“Not right now, sweetie. I promise I’ll let you help in a minute.”

She “helps” anyway by twisting the shut-off valve and letting water spray all over us.

“Hey, why does she get to help?” asks Helper #2 who was watching my every move but is now, for no particular reason, unrolling the toilet paper and wrapping it around her arm.

“Turning on the water when the valve is unhooked is not helping.”

Just then, Helper #3 decides to jump, landing back on my shins, ripping out every hair follicle on my legs with the rubbery sole of her size 5 shoes. I scream. She screams. I hit my head in a pipe. Helper #1, now leaning on my throat, manages to get her hand caught in one of the holes now vacated by the faucet.

It’s believed that Winston Churchill coined the phrase, “I have nothing to offer but blood, sweat and tears,” but this is not true. The phrase was first uttered by a Dad who was trying to fix the bathroom sink with his kids.

Did we eventually fix the faucet? Sure. Were the kids excited to use the new, fun, fancy faucet? Not really. They were too busy pretending the tools were telephones. But after the struggle I went through and the battle wounds I suffered, I felt mighty proud of that faucet. Team HandyKlems came through in the clutch once again. My dad would have been proud.

“You know I want you to replace the other bathroom faucet too, right?” my wife said.

Unmuffled swearing commence. 

Oh Boy, You're Having a Girl
(A Dad's Survival Guide to Raising Daughters)

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* Also, follow me on Twitter @BrianKlems. I promise to occasionally say funny things.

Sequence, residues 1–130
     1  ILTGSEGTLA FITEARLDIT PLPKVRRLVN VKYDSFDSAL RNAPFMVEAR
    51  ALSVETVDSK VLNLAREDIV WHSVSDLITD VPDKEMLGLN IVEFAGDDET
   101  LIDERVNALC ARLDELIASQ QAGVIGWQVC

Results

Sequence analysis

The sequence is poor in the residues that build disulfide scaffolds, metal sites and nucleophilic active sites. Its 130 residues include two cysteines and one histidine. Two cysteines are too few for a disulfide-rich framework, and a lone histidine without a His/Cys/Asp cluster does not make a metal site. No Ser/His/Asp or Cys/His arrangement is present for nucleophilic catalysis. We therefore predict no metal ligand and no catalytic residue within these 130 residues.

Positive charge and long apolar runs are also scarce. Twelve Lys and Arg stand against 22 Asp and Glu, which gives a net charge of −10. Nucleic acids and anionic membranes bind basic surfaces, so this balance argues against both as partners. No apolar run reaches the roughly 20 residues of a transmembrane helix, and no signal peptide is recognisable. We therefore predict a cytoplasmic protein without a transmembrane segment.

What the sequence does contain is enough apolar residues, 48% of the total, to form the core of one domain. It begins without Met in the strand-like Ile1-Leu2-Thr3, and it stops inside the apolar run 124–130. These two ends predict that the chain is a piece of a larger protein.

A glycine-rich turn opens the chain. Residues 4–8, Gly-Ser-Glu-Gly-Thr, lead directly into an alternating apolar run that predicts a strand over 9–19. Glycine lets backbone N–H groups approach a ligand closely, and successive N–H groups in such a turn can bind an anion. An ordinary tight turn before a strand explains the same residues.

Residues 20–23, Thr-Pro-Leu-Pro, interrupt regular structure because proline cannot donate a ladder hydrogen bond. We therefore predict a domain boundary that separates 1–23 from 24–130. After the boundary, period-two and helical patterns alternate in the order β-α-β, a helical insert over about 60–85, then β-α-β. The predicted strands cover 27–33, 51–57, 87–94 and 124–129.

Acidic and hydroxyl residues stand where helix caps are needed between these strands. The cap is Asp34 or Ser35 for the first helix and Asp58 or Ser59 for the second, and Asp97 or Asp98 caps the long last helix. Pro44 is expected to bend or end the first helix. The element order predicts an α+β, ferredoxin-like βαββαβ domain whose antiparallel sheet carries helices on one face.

October 7, 2013

Saying Goodbye Part 2 - My Own First House

Recently I said goodbye to my parents’ house. The same week I had to say goodbye to the only other house I had ever called home—the first house my wife and I purchased together. The Minmor House.

Trying to buy a home with your wife is much like like naming a baby with your wife. After careful discussion, consideration and reading every book there is on the topic, you will, inevitably, lose your mind. She’ll rule out every house you like because it “just doesn’t feel right” or “smells funny” or “reminds her of that jerk she dated in high school.” She’ll veto the house that you love without taking into consideration your practical arguments like “it’s really cheap” and paternal instincts like “In this house I could envision myself raising a finely groomed mustache.”

So when we stumbled upon our two-story house in St. Bernard, we decided to buy it because—well, it depends who you ask. My wife will tell you we bought it because she was tired of looking at houses and this one “didn’t suck that bad.” If you asked me, I’d tell you we bought it because my wife passed on a nicer house that, in her words, “lacked character,” which is code for “looks like every other cookie-cutter house.” (Keep in mind it’s also code for “has two-car garage,” which should always trump “character.”)

Either way, it clearly wasn’t our dream house when we first moved it. It needed fresh coats of paint. It lived behind overgrown bushes. Only half the windows worked. It had one of those old, giant, metal antenna’s sticking out from the roof like the mast of an old pirate ship. The electrical outlets had only two-prongs, a metaphor for a house that didn’t want to adapt to the 21st century.